Instead Pekar channeled his frustration, his rage, his inchoate anger at the world and those around him into his work. He laid out the pages of his scripts, with each panel containing dialogue and captions and stick figures to guide the artists. AMERICAN SPLENDOR, surprisingly, eventually became quite a sensation in the 1980s, with Pekar attracting the attention of a producer of LATE NIGHT with David Letterman. This led to Pekar becoming a semi-regular on the show where he was incapable of relaxing and enjoying the experience and the exposure, unable to understand (or refusing to do so), that Letterman liked him and was on his side. One night, Pekar had had enough and he went into a scathing profanity laced rant against Letterman, NBC, corporate America, television, the audience, etc. Thus endeth Pekar's television appearances.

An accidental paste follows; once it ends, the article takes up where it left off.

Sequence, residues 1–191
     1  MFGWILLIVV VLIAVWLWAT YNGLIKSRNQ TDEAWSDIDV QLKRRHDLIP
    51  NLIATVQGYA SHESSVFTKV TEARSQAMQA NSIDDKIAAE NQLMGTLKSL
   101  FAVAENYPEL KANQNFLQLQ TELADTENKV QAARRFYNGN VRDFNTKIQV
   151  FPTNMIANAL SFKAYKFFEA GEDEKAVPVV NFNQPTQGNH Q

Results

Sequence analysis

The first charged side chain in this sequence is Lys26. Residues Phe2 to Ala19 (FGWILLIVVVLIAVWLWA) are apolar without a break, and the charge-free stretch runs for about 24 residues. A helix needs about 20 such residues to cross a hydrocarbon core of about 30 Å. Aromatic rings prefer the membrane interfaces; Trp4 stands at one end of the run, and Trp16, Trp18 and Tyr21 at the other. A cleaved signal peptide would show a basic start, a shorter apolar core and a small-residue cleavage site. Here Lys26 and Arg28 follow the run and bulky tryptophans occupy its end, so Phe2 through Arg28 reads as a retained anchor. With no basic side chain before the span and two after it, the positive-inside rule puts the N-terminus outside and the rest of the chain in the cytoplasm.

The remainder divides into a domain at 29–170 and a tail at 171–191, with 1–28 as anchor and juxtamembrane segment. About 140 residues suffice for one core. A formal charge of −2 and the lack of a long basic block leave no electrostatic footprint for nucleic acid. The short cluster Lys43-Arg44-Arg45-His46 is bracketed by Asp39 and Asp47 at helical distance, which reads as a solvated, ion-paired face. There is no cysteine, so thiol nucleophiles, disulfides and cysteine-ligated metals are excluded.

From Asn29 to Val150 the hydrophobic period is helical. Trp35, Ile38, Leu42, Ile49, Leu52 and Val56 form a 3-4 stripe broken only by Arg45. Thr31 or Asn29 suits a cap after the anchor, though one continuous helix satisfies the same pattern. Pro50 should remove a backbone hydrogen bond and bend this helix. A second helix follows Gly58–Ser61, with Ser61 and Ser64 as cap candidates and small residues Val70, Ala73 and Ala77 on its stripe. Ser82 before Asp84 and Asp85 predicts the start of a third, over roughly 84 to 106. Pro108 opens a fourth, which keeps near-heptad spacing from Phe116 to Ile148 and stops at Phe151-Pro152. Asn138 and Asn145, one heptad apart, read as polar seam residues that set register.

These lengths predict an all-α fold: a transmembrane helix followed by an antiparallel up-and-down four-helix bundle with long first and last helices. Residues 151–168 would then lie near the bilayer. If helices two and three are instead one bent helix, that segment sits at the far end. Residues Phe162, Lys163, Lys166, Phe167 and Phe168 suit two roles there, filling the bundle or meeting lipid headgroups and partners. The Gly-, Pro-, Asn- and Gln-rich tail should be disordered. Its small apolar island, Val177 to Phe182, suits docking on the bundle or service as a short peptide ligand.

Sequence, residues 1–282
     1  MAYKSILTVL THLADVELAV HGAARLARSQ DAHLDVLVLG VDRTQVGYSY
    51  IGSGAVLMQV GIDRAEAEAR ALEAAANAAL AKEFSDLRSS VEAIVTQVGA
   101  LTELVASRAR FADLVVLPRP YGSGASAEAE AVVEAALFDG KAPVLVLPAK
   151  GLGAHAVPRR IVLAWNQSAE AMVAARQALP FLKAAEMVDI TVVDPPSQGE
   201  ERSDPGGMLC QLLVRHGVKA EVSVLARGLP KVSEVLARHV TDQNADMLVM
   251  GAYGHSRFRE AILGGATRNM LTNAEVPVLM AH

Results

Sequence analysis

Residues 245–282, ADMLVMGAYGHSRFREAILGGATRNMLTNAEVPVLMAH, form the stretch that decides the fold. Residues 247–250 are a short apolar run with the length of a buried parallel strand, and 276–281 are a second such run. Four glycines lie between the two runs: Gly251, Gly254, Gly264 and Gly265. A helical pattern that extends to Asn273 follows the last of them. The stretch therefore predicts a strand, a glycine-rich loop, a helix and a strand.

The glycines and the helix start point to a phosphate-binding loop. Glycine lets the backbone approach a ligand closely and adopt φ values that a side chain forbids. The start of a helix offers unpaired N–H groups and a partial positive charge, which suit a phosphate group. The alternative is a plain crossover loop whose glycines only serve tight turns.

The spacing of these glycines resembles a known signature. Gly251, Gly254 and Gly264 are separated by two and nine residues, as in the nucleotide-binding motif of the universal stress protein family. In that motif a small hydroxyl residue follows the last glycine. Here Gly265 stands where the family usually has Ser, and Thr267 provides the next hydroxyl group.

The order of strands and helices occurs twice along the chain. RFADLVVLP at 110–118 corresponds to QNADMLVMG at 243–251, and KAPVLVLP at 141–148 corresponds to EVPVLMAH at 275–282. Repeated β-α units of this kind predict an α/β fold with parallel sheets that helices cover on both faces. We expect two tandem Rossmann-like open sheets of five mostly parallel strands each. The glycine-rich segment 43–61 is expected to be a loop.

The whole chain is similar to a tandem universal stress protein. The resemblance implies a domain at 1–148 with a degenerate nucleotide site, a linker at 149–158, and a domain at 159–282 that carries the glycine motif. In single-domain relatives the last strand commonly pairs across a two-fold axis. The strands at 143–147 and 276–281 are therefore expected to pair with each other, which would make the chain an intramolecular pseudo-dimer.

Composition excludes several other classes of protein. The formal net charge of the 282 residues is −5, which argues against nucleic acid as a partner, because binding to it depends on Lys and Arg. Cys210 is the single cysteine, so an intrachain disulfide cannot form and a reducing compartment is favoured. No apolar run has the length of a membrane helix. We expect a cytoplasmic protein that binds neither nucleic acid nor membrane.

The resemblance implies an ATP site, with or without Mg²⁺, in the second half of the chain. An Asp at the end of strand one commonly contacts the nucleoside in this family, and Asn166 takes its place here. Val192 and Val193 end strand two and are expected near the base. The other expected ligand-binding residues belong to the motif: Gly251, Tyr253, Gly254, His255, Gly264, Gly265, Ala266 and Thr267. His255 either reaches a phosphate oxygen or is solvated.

But a different medium, film, came calling in the form of the 2003 film AMERICAN SPLENDOR. Part documentary (Pekar and his wife, Joyce Brabner who is an almost equal to Harvey in terms of neuroses, appear throughout the film), part dramatization of Pekar's life and career, the film stars Paul Giamatti in a tour de force performance as Pekar. Hope Davis is also very good as Joyce but Giamatti is absolutely incredible. He brings Pekar to living, breathing, seething life. It's a remarkable performance in a film that I found surprisingly engaging and funny. Produced by HBO films, SPLENDOR was written and directed by Shari Springer Berman and Robert Pulcini. They do a great job of bringing Pekar's comic book stories to life and providing some insight into what made Pekar click.